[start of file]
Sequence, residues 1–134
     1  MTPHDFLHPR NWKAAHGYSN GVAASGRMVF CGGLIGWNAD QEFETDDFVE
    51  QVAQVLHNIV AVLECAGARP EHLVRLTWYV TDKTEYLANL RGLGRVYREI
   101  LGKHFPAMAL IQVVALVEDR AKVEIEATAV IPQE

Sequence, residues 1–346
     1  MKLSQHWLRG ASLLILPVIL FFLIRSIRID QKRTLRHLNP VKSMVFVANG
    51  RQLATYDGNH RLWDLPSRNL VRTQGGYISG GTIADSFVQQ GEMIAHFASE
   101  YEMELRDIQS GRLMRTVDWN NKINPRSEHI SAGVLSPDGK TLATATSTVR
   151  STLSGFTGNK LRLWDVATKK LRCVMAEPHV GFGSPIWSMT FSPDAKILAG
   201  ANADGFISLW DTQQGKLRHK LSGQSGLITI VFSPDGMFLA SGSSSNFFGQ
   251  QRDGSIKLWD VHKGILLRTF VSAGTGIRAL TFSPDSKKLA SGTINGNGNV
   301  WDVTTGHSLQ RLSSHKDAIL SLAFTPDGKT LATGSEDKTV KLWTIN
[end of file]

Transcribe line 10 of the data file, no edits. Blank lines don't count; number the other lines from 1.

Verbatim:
   201  ANADGFISLW DTQQGKLRHK LSGQSGLITI VFSPDGMFLA SGSSSNFFGQ